Three of the controls on the Toolbox let you access the computer’s file system. They are the DriveListBox, DirListBox, and FileListBox controls (see Figure 5.19), which are the basic blocks for building dialog boxes that display the host computer’s file system. Using these controls, the user can traverse the host computer’s file system, locate any folders or files on any hard disk, even on network drives. The file controls .are independent of one another, and each can exist on its own, but they are rarely used separately. The file controls are described next.’
Drivel.istflox Displays the names of the drives within and connected to the Pc. the basic property of this control is the Drive property, which sets the drive. to be initially selected in the control or. returns the user’s selection.
• Dirl.istbox Displays the folders of the current drive. The basic property of this control is the Path property, which is the name of the folder whose subfolders are displayed in the control.
• FileListBox Displays the files of the current folder. The basic property of this control is also called Path, and it’s the path name of the folder whose files are displayed.The three File controls aren’t tied to one another. If you place all three of them on a Form, you’Il see the names of all the drives in the Drivel.istbox. If you select one of them, you’ll see the names of all the folders under the current folder, and so on. Each time you select a folder in the DirListBox by double-clicking its name, its sub folders are displayed. Similarly, the FileListBox control will display the names of all files in the current folder. Selecting a drive in the DriveListBox control, however, doesn’t affect the contents of the DirListBox. To connect the File controls, you must assign the appropriate values to their basic properties. To force the DirListBox to display the folders of the selected drive in the DriveListBox, you must make pure that each time the user selects another drive, the Path property of the DirListBox control matches the Drive property of the Drive ListBox. The following is the minimum code you must place in the DriveListBox control’s Change event:
Similarly, every time the current selection in the DirListBox control changes, you must set the FileUstBox control’s Path property to point to the new path of the OirUstBox control
Pri vate Sub ··Dir1_Change()
filel.Path x Dirl.Path
This is all it takes to connect the three File controls awl create a Form that lets users traverse all the disks on their computers. Although the Drivcl.istllox control displays all the drives and the DirUstBox control displays all the sub folders, in most cases you’ll want to limit the files displayed in the FileUstBox. To do this, use the control’s Pattern. property, which lets you specify which files will be displayed with a file-matching string such as “·.TXT” or 11997·.XLS” It’s also customary to display a list of available file-matching specifications in a Combobexcontrol, where the user can select one of them. The Combo Box control, shown in Figure 5.20, is populated when the Form is loaded and its selection is changed. The new file pattern is assigned to the Pattern property of the File control. Changes in the ComboBox control are reported to the application with two distinct events: Change (the user enters a new file pattern) and Click (the user selects a new pattern from the list with the mouse). Both events contain the following line of.code:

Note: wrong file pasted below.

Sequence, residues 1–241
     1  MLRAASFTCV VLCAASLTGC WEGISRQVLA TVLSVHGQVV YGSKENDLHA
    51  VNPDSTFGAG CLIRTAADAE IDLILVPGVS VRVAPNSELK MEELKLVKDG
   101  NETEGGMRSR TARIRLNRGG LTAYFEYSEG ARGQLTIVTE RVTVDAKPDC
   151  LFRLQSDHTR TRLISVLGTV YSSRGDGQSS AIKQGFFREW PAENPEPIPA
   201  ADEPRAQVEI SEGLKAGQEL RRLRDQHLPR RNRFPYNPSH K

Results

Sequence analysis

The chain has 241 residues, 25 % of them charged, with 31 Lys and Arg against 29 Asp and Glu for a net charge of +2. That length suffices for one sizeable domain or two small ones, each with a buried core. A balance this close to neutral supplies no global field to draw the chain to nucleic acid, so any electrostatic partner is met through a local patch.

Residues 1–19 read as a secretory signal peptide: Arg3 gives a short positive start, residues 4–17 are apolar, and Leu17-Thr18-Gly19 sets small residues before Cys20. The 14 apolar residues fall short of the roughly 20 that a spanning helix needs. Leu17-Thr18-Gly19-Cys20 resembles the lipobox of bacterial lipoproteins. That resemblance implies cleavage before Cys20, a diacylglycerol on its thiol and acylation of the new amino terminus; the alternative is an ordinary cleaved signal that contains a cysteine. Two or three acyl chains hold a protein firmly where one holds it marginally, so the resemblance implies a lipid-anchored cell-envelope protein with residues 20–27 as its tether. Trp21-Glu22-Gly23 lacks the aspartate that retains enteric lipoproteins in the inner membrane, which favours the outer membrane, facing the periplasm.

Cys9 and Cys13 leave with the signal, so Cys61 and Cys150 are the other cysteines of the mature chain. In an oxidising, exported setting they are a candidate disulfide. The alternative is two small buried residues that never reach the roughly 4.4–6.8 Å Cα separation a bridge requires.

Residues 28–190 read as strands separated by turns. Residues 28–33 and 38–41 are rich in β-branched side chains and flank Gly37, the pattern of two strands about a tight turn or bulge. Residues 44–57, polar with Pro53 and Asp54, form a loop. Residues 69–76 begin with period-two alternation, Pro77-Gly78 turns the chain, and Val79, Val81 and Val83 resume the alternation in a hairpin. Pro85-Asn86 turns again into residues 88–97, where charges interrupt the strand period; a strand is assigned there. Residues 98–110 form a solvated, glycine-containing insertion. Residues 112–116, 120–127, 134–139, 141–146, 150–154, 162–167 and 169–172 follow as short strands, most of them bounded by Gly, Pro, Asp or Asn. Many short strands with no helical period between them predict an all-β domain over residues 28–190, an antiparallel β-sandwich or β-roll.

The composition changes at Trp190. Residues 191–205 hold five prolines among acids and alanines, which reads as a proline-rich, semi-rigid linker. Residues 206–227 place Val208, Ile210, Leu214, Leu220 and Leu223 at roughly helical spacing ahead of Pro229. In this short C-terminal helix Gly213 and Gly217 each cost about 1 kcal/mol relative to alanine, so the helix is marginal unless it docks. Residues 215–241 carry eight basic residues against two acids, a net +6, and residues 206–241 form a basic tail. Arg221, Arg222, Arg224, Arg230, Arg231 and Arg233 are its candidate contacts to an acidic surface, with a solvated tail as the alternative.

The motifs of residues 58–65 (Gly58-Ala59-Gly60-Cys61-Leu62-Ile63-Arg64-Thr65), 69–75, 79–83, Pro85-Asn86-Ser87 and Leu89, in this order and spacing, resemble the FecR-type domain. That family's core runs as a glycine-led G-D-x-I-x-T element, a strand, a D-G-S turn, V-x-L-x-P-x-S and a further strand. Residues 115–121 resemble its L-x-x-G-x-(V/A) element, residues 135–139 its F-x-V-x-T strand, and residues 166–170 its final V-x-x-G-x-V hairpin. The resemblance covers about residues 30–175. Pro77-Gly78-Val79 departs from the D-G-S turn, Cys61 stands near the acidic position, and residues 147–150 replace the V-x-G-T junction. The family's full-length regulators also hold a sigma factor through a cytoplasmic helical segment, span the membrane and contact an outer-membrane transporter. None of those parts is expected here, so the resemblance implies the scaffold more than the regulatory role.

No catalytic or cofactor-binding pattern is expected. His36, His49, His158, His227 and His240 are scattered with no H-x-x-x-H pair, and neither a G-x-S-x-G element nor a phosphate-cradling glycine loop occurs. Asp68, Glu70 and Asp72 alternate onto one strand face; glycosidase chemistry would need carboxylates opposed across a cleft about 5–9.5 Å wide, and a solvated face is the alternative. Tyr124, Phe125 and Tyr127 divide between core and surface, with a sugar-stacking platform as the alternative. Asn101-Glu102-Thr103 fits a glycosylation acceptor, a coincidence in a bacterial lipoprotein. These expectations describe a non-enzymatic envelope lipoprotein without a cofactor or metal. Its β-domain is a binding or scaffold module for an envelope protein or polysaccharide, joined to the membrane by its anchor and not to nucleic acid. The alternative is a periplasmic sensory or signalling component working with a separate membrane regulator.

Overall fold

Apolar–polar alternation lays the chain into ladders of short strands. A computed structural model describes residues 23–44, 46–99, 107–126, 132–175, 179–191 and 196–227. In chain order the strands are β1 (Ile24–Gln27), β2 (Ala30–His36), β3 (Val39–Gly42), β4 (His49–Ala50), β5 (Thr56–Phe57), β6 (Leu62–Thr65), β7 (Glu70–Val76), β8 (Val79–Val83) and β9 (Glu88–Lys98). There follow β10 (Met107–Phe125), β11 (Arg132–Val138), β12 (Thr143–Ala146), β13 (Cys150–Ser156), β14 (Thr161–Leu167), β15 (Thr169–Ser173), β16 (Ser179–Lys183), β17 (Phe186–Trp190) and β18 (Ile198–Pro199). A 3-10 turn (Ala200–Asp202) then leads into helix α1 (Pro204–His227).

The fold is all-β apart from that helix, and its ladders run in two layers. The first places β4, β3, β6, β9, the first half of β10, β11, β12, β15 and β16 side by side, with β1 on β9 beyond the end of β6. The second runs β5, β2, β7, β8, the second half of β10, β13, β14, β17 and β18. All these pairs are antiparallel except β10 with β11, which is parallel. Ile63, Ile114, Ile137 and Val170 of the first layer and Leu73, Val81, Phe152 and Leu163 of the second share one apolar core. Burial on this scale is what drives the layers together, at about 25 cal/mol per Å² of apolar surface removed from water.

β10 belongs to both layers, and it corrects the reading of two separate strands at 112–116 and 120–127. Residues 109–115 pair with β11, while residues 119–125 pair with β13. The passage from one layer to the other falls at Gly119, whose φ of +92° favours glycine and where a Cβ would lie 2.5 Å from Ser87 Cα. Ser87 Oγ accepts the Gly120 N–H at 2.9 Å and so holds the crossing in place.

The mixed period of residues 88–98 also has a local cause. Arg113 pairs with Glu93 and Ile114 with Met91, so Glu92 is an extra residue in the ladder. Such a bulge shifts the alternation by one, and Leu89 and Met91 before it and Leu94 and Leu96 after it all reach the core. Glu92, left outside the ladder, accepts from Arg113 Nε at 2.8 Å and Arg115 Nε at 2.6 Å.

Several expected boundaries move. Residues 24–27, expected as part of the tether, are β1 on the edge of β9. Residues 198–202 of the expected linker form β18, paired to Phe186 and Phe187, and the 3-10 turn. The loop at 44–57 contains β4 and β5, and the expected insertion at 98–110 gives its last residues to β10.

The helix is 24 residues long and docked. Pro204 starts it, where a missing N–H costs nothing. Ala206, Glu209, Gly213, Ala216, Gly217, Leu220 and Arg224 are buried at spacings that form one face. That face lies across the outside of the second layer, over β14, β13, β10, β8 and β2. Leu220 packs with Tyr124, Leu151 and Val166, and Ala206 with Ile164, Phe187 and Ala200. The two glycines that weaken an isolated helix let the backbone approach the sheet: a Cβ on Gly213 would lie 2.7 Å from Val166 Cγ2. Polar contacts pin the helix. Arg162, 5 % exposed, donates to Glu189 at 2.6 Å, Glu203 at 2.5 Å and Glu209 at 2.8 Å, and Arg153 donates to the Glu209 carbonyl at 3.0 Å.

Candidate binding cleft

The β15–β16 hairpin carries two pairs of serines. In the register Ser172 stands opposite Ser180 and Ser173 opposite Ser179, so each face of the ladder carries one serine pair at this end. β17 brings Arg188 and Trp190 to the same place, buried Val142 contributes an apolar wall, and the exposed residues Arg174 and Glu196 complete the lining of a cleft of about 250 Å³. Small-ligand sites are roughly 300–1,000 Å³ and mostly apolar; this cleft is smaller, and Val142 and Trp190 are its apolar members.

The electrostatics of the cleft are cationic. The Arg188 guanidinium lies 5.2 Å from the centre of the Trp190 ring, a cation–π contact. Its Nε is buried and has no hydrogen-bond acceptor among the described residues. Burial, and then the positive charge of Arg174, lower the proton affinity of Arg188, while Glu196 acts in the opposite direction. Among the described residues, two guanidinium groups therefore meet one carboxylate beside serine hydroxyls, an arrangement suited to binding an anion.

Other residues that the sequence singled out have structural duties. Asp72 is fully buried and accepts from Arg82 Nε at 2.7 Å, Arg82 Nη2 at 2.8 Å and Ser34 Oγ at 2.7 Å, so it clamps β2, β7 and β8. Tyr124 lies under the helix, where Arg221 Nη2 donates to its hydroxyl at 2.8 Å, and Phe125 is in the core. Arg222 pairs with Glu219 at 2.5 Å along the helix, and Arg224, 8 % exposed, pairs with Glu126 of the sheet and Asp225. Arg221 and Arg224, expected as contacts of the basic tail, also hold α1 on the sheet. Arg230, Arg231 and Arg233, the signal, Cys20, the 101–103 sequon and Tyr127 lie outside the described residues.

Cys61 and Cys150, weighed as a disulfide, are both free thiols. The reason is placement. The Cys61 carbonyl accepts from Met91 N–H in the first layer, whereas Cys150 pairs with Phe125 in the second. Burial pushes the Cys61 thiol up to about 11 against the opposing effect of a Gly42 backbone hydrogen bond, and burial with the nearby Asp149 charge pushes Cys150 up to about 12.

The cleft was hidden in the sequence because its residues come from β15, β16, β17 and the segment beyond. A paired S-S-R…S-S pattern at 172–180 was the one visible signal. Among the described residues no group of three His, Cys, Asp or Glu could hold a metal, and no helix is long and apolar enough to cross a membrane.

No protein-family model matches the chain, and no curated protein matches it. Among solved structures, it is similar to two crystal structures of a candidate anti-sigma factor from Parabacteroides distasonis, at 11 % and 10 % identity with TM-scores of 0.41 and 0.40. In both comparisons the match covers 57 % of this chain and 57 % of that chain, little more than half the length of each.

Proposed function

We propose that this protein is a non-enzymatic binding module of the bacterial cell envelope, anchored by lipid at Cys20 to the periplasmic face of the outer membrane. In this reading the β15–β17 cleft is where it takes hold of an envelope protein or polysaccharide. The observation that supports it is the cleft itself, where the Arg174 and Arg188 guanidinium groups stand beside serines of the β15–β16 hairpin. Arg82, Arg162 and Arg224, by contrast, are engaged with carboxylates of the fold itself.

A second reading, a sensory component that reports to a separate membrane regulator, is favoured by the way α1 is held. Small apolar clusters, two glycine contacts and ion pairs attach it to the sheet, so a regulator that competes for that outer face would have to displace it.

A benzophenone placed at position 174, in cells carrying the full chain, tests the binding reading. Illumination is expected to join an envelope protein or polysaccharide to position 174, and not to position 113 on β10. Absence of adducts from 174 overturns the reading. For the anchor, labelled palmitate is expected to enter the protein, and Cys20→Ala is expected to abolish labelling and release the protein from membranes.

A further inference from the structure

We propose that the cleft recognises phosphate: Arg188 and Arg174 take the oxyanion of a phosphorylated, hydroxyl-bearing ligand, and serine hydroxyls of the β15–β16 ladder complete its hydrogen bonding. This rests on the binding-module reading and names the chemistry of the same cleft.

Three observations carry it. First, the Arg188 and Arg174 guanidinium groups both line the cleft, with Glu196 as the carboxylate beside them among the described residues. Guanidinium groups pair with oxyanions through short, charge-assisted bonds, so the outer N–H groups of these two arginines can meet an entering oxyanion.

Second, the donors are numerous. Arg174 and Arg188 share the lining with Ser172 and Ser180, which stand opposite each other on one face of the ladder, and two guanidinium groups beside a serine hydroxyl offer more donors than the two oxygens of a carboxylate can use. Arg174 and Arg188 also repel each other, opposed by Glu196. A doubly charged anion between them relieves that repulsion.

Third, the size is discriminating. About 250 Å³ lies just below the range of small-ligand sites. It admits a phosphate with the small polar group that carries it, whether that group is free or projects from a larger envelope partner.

A program that scans the hard disk relies on the contents of these controls, and when it switches to a specific folder, it expects to find the names of the files in this folder in a FileListBox control. The ScanFolder application examined is a good example of the use of these controls, not only as elements of the user interface, but as functional elements of an application. To access the contents of the three File controls, use their List property, which is similar to the List property of the ListBox control. The DriveListBox and FileUstBox controls are linear; they display a list of drives and files, respectively, all of them being equal. To access the contents of these two controls use the List property with an Index value, which is e for the first item and Li stCount – 1 for the last item. The following two loops scan the drives and the files of the CUITI_’fltolder and print their names to the Immediate window:
Scanning the folders of the DirListBox control is a bit more involved because this control’s contents are structured. The folder names above the current folder are parent folders, and the folders under the current folder are subfolders. To access the sub folders of the current folder, use a loop similar to the previous ones :
The current folder is Oir1. L;st(-1) and the folders above (the parent folders) can be accessed with increasingly negative indices. The expression Oi1’1.Li st(-2) is tlte current folder’s pa. ent folder, ui rl. L;st( -3) its parent’s parent folder, and soon. There is no property that re~s the number of parent folders, so you can’t set Up:3 Per Next loop to scan the parent elements.One method is to create a While end loop like the following one:
‘When y u attempt to access a non-existent parent folder (with the expression Di r1.li st( -99), for instance), Vis al Basic won’t generate a runtime error, as one might expect. It will return an empty string, which yo~ can examine from within your code to find out whether there are more parent.folders or not,
The project ileDemo on the CD demonstrates the techniques for accessing the contents of the file controls. You can open the project in the Visual Basic IDE to experiment .rith ;t and see how it uses the List and ListCount properties of the various controf to retrieve their co tents and p,pnt them on a ListBox control.